BTN Europe presents an overview of business travel and MICE predictions for this year
ExCeL London - 24-25 February 2021
Andrew Mosley took over what was basically a run down training centre and turned it into an award winning deluxe hotel and conference centre. He tells ABTN how it was done.
The property of which Andrew Mosley was made general manager was not so much a hotel as a residential training centre.
But QHotels which bought the Dolce Training Centre near Winchester in southern England in 2005, had great vision for its new acquisition. Four years and £14m on, the renamed and re-furbished Norton Park has 14,000 room nights a year and two national awards under its belt.
Mr Mosley was involved right from the start of this major project. He recalls his arrival at the Centre: "It was not really a hotel in those days. It was being run as a residential training facility. It was starting to grow but there were three to four arrivals a day and the coffee service was a machine in the lounge."
The property was expanded from 90 bedrooms to 185, the meetings facilities were completely re-designed to create 14 rooms, ranging from the Norton Suite for up to 350 people to the small Hunton 1 room for six people.
The sixteenth century Manor House, standing separately in the property's 54-acre grounds, was also re-styled with four meetings rooms to create an exclusive facility for private events while a new bar, restaurant, reception room and entrance were built.
"The Manor House is available for exclusive events with our staff to look after you. We have had blue chip companies which have hired it meetings when they want to get away from and have as few distractions as possible. It's a perfect fit for that," Mr Mosley said.
"We have built our new entrance around a glass foyer which has given the hotel a proper focal point. Every hotel needs that. We have also re-done the car parking area and landscaped the park around the hotel.
"It all took two years from start to finish, from the start in October 2005 to the completion of the landscaping in October 2007. But the main stage of the work was done between 2006 and 2007."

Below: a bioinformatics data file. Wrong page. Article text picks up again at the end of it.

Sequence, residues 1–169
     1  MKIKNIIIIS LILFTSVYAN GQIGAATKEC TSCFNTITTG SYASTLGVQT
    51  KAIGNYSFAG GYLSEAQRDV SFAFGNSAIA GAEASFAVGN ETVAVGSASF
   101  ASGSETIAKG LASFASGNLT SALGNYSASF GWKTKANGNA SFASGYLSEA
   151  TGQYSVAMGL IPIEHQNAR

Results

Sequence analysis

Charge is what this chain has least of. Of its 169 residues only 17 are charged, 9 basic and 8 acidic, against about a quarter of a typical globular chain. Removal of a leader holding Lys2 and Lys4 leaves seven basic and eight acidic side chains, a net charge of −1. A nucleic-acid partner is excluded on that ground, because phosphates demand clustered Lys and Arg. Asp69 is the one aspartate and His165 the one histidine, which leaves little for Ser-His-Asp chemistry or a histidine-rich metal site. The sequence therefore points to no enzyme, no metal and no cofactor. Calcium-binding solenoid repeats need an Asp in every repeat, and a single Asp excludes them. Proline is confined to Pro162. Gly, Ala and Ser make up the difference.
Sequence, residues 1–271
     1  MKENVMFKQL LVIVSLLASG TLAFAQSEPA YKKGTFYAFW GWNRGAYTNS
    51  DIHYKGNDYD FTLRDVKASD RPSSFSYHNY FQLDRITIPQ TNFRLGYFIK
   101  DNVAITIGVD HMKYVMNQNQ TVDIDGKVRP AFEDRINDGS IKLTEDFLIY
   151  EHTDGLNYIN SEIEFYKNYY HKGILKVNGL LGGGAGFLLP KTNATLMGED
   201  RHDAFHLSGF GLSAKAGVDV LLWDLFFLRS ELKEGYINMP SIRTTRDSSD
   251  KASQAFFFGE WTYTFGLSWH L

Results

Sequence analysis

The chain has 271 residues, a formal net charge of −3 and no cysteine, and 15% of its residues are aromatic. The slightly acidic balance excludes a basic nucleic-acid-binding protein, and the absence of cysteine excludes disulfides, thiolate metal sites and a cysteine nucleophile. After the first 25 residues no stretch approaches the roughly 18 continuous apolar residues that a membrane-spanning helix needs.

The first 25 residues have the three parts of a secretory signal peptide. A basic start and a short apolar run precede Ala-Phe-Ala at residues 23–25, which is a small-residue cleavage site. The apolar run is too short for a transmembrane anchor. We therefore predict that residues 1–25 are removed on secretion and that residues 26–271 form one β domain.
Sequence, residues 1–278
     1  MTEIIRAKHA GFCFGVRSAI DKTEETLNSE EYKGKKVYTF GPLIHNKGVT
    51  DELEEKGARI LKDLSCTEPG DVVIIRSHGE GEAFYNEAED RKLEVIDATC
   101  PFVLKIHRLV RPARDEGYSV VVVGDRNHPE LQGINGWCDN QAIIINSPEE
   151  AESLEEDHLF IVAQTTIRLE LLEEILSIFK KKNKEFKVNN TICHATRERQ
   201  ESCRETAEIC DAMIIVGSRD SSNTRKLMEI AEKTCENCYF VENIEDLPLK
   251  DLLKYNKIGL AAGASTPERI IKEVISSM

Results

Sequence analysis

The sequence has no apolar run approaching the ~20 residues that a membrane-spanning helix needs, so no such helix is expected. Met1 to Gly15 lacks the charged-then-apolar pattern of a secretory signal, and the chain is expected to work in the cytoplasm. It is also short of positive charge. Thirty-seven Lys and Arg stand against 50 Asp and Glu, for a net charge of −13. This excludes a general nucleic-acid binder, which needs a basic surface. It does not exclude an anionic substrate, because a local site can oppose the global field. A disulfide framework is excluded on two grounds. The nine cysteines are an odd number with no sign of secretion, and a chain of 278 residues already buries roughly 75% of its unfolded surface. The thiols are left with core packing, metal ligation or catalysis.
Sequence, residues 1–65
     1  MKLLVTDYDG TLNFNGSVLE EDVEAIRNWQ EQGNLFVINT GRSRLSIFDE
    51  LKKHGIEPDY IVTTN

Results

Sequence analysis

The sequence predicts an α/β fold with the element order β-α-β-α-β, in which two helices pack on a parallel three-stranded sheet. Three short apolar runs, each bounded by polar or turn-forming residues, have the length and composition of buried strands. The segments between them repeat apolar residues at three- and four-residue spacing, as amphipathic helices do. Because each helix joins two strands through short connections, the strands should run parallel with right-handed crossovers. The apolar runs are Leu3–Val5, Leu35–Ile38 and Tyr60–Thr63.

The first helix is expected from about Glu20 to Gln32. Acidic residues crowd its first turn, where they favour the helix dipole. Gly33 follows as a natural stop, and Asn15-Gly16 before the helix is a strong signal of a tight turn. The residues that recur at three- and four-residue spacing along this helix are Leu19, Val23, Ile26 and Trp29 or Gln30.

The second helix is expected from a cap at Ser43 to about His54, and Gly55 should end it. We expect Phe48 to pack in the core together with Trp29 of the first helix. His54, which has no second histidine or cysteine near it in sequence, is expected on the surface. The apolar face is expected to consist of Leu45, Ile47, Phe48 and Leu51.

Mr Mosley said all his staff was involved and even customers - the hotel continued to trade during the changes -were brought in. "We needed to get the right people aboard before we did anything else," he said. "People who would understand what you were trying to achieve and who could see the vision and understand the process ahead and what it would eventually look and feel like. I think that in anything you do, the most important thing is to get the right people in place.
"Secondly, you have to have a clear strategy, to know exactly where you are going and you stick to that strategy. If it goes horribly wrong, you can change it but if it is just a wobble, you just keep it on the right track or everyone will become confused, the momentum will be lost and then it will be difficult to pull it back.
"Even the guests were involved. We had a model we could show them so they could see what they would be booking. I can give you many examples of taking guests around the building site. And after that they placed their conferences with us."
At the HRS.com Hotel Excellence Awards, Norton Park scooped two of the top prizes for Excellence in Business Management and Excellence in Meetings. For the first the judges cited a "fabulous, comprehensive entry" showing excellent business management and the "total dedication" of the general manger.
Mr Mosley said: "We underpinned our application with how we had managed the process of re-furbishment. You can create a brand but there is a whole lot more to it than that. We were recognised in the way we managed the process, our investment in training our staff, the system we used to cope with the changes, our PR to our guests and for taking everyone on board."
The second award was for the being the first hotel to go above the AIM Bronze Standard when it won the AIM Silver Award in 2008. "This award was a great plus for us especially in the conference market as it sends a message to say that we are serious," he said.
Norton Park is now pitching for conferences of 100-120 people for two to three nights, not only from the business market in surrounding cities and towns like Winchester, Andover and Basingstoke but now from further afield.
"Some areas around this region are undersupplied with conference hotel and the businesses seem to be happy to switch to us. But generally speaking they are small meetings.
"We are looking for business from a wider region and as there are not a lot of properties like this around, we are therefore quickly getting ourselves known to key buyers in the trade."